Based on the capabilities that Sketch gives us now, the actual base-bones workflow as outlined below is this:
- A designer makes changes to the Sketch file, does CMD+S (save) and executes the terminal command
$ sh upload.sh "message"(from within the repo) in order to commit and push the changes to Github.
- Any other designer executes the terminal command
$ sh download.sh(from within the repo) in order to download the latest state and to continue her work.
How to share sketch files
The upload script extracts the core Sketch data from the file .sketch and then uploads (commit and push) only that core data (plus the scripts on the first push). The core data is versioned on Github, hence, we do not need the original .sketch file. It would only clog the repo and reduce speed.
The download script pulls all new data from the repo and then creates the sketch file .sketch which you can open with Sketch.app.
You can execute the script like this:
- Open Terminal.app (CMD+Space > type "Terminal")
- In Terminal type cd and drop and drop the repo folder from Finder into the Terminal window. Now the file path will appear behind the cd with a space in between. Hit Return and you will directly be moved into the repository folder.
sh upload.sh "message"or
sh download.sh. A message must be added otherwise
$1will be used as the (commit) message text.
How to set up a new design repository
- Download (or clone) the repo from Github (direct download)
- Extract the repo zip and remove all .sketch files and folders, add your .sketch files
- Open the scripts
download.shin TextEdit (or any other text editor) and add the filenames without the extension
files="filename1 filename1". Save both scripts.
- See above on how to execute the scripts
Summary: pros and cons
- Be able to version the data that is the core of every visual you see in Sketch is great!
- A designer does not know much about Git nor Terminal to be able to use the workflow
- Collaboration platforms like Github or Gitlab are already widely spread and in common use
- Designers and developers are using the same platform (designer will learn more about Git and code workflows)
- Data can be hosted securely without the need of using a plethora of storage systems with are not made for design collaboration in the first place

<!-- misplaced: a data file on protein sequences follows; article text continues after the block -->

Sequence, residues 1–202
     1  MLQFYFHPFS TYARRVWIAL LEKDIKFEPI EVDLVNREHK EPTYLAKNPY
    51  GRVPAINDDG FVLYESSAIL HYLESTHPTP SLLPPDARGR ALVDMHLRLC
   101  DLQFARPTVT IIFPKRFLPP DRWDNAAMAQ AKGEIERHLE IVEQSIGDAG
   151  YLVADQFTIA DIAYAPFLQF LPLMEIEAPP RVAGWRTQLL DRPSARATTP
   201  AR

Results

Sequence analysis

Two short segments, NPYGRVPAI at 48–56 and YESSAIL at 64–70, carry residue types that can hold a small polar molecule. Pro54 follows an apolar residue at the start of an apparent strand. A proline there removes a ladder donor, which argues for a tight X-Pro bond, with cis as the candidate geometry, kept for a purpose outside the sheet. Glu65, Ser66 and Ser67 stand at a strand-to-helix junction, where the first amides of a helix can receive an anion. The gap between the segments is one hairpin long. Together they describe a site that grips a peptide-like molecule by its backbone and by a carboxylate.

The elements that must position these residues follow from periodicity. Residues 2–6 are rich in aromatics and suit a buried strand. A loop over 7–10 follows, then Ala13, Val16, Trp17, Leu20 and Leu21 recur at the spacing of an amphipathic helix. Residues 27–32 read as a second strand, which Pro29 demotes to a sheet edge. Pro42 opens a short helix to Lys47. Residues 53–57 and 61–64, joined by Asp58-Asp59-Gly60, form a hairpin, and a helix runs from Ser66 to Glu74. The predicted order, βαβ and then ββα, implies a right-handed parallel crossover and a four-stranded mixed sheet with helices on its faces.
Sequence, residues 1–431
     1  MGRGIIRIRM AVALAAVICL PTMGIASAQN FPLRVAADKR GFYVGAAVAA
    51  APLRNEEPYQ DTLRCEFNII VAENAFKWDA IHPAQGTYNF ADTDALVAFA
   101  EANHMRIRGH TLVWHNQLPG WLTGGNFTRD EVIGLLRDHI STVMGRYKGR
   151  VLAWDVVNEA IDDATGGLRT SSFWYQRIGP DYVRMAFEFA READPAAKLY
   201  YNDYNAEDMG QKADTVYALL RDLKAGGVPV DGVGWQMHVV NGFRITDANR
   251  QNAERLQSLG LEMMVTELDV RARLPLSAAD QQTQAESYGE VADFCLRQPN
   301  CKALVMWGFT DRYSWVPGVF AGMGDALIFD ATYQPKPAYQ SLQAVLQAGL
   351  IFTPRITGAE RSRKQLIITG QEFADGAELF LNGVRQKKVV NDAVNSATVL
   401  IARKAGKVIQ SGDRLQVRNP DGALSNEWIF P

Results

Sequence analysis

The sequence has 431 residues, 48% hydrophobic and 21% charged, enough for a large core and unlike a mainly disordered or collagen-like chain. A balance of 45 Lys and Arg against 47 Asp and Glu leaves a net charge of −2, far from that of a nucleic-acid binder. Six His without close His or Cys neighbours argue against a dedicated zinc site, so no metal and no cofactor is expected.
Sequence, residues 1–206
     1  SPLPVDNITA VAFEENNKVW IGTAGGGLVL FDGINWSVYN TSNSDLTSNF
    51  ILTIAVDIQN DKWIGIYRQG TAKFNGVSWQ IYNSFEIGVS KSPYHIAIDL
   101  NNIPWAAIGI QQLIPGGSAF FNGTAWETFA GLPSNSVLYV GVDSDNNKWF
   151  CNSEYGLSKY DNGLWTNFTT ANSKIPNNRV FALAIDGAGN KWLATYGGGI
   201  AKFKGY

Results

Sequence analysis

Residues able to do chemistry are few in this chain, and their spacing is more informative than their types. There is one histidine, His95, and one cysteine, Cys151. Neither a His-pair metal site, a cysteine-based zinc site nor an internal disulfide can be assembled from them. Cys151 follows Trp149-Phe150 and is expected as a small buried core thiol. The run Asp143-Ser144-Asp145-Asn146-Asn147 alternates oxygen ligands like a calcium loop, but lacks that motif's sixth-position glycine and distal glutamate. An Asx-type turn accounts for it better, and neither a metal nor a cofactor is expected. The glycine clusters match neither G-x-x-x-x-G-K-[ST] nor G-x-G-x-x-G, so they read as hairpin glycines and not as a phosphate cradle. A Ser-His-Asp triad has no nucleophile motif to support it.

- The scripts work with >1 Sketch file in the main folder
- Designer can finally get rid of naming conversions like
file1.sketch1, file2.sketch, …, file12.sketch, file12-final2.sketch
- The process is not yet simple to use, I mean, really simple
- Terminal has to be used or either a full executable that runs on click (visit the Terminal 101 at our friends @tower
- The sketch filenames have to be added manually to the scripts
- When someone downloads the latest changes from Github, the .sketch file will be overwritten. Therefore, it is advisable to close the file in Sketch prior to download
- Sketch filenames must not contain spaces as it will break the scripts
What to improve
I am aware that we could use Githooks, a NodeJS file watcher or a Sketch plugin to streamline the actual process above (I am happy to hear your feedback and suggestions). I did choose to build a script because it allows us to test-drive the lowest common denominator. A simple workflow will be crucial for non-technical people to use repos for their design work. Using scripts in Terminal isn't the greatest thing since sliced bread and therefore this process and workflow is to be improved quite a bit to ease the way. Besides, auto-save should be deactivated as it might overwrite freshly pulled data.
I am very much convinced that the fundamentals described above are the way to go. Now, we must come up with ways to simplify the workflow even further. Please get in touch to discuss how to make this happen.
Special thanks to Kristina @kriesse for reading a draft of this.